This is an exciting time for many reasons; the sun is finally breaking through, the weather is starting to warm up, and we are oh-so close to our JAZZ apple blossom season! In just six short months, harvest will begin, which is the most important time of the year for us! Recently we had our marketing team come out to Wenatchee, Washington to get their boots dirty and experience a day in the life of growing JAZZ™ apples. Take a look below!

We all know JAZZ™ apples provide an always refreshing crunch and tangy-sweet explosion of flavour, but there is so much that goes into producing these sensational apples behind the scenes. We were about three weeks ahead of blossom season when we visited, but did you know that JAZZ™ apples start off as a flower bud that looks like this?

That’s right, that will eventually transform into a JAZZ apple! In fact, there are actually five flowers in these buds and with the warmer weather quickly approaching, they’ll begin to grow along the tree’s branches! From there, the flower is pollinated by our friends – bees! These bees are attracted to the apple flowers by nectar and natural scent of the flower. As the bees pollinate the different flowers, the fertilized ovules soon become seeds. Then, the outer wall of the ovary develops into the flesh of the apple and the inner wall of the ovary develops into the apple core around the seeds. Pretty cool, right?!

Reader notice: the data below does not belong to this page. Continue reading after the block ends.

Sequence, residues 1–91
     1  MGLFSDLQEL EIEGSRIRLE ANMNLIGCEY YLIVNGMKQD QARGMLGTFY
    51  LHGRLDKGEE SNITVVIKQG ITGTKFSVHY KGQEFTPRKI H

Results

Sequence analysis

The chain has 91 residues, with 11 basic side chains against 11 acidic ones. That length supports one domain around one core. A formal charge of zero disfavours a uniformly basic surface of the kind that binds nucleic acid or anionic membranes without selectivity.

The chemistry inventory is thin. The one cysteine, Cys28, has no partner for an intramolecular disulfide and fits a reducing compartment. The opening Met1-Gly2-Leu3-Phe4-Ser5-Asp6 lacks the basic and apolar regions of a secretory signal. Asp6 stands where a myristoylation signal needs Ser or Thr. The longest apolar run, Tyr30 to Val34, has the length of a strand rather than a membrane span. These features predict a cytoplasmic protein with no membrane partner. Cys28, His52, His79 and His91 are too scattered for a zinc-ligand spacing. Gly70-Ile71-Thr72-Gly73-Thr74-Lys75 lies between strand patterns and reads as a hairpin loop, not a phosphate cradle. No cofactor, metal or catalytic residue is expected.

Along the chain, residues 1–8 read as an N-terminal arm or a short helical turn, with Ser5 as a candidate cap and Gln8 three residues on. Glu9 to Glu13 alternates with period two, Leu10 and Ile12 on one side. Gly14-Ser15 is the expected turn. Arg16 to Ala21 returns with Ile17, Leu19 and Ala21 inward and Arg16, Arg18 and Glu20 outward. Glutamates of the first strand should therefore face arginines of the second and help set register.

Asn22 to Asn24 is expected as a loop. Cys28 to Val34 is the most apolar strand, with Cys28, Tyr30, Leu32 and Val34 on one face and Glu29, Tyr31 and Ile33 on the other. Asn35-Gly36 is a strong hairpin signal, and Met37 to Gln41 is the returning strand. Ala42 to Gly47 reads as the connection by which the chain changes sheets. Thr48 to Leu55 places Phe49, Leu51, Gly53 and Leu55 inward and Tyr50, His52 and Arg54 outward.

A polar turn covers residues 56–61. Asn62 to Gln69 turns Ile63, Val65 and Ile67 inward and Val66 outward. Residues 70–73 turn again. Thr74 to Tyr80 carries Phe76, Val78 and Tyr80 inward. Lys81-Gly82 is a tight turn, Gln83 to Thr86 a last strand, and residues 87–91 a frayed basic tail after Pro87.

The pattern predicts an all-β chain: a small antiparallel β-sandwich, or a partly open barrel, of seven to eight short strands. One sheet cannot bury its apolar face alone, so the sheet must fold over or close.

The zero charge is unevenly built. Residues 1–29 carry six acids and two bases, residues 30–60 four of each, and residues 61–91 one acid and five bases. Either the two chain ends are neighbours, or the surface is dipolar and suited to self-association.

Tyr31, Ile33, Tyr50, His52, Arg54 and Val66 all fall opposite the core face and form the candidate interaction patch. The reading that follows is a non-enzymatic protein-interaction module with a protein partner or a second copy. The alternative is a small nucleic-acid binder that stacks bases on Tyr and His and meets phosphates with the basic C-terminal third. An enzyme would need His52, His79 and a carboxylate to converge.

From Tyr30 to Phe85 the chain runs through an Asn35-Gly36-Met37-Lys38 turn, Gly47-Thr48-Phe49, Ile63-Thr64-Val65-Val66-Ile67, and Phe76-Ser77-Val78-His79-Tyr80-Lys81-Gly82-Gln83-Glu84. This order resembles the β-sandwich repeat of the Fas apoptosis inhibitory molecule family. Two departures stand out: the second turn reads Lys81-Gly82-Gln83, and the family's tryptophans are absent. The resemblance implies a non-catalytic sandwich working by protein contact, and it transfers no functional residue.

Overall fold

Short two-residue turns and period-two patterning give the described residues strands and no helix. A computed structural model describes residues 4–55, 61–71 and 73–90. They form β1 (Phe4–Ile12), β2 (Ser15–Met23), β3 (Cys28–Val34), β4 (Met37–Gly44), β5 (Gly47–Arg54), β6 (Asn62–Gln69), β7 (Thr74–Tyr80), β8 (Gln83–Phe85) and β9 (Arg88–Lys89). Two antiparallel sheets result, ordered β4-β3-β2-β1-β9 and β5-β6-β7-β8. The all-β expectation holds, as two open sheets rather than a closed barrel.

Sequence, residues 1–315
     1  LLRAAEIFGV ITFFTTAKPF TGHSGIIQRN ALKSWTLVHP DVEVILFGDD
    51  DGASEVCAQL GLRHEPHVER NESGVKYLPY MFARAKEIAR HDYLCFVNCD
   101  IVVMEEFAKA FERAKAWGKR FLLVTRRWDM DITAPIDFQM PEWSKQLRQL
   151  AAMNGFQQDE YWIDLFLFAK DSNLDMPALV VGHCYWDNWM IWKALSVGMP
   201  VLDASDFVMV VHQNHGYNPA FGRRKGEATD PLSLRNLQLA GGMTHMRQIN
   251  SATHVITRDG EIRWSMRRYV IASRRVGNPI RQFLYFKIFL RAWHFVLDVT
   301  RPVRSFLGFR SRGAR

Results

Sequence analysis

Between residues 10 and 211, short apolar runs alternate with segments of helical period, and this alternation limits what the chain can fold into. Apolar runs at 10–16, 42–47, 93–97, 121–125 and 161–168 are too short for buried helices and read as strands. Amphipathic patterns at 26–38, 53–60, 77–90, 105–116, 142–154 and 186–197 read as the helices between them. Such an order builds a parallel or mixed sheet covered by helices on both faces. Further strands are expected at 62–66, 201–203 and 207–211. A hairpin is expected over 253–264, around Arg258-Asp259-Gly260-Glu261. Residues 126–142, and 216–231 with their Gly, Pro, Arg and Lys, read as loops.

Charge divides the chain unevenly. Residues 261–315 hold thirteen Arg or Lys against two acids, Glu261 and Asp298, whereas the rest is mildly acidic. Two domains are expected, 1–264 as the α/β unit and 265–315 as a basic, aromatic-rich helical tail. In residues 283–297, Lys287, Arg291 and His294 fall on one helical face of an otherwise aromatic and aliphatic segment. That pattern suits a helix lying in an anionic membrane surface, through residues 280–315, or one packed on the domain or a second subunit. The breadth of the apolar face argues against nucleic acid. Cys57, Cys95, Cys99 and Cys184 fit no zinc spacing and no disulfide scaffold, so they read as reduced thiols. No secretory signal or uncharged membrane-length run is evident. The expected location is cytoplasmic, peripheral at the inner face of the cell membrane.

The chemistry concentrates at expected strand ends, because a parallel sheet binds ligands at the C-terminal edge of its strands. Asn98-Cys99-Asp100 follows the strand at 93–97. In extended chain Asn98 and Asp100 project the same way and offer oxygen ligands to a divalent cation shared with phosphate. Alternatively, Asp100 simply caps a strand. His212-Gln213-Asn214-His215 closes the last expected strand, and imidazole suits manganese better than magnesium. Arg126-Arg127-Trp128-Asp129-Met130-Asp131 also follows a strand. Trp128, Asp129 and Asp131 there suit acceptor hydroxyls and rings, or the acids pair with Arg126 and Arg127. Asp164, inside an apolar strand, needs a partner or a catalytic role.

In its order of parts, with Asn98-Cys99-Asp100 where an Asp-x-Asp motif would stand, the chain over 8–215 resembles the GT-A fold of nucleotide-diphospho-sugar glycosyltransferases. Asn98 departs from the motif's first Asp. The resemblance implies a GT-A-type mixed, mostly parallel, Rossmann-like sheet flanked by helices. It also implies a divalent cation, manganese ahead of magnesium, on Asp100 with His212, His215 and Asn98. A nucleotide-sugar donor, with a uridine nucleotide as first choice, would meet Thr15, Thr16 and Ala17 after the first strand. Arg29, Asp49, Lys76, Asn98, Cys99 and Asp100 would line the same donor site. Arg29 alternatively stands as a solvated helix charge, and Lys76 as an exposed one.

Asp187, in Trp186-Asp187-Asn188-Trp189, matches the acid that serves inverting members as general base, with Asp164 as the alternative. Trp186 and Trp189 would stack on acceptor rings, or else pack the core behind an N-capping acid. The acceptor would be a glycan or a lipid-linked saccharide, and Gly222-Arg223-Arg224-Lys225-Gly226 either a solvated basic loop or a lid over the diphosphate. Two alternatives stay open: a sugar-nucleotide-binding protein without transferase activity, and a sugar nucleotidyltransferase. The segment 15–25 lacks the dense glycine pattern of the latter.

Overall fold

When summer finally comes around, the apples grow to size and begin to change color. As summer turns into fall, the JAZZ™ apples ripen to the perfect, sensational flavour we all know and love, are picked by hand, and are sent to your local grocery store!

Apple growing can best be described as a labor of love, as our dedicated growers pour their heart and soul into their beloved JAZZ™ apple trees to maintain the highest quality standards for you and your family to enjoy! We can’t wait for harvest season and are looking forward to making 2019 our best season yet!

For more information about how JAZZ™ apples are grown, click here!

Source: University of Illinois Extension